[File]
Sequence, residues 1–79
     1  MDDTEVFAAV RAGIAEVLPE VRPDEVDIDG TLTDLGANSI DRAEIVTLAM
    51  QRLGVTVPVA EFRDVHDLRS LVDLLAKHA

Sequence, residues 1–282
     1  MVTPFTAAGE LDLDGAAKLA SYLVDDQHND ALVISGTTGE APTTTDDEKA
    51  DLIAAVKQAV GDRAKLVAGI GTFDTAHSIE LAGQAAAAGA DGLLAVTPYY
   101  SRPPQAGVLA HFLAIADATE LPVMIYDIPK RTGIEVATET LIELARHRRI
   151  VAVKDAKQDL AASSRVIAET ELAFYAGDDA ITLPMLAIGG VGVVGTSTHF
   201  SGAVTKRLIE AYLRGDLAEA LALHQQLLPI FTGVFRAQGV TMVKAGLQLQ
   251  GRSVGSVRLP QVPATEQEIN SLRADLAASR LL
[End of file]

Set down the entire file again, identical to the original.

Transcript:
Sequence, residues 1–79
     1  MDDTEVFAAV RAGIAEVLPE VRPDEVDIDG TLTDLGANSI DRAEIVTLAM
    51  QRLGVTVPVA EFRDVHDLRS LVDLLAKHA

Sequence, residues 1–282
     1  MVTPFTAAGE LDLDGAAKLA SYLVDDQHND ALVISGTTGE APTTTDDEKA
    51  DLIAAVKQAV GDRAKLVAGI GTFDTAHSIE LAGQAAAAGA DGLLAVTPYY
   101  SRPPQAGVLA HFLAIADATE LPVMIYDIPK RTGIEVATET LIELARHRRI
   151  VAVKDAKQDL AASSRVIAET ELAFYAGDDA ITLPMLAIGG VGVVGTSTHF
   201  SGAVTKRLIE AYLRGDLAEA LALHQQLLPI FTGVFRAQGV TMVKAGLQLQ
   251  GRSVGSVRLP QVPATEQEIN SLRADLAASR LL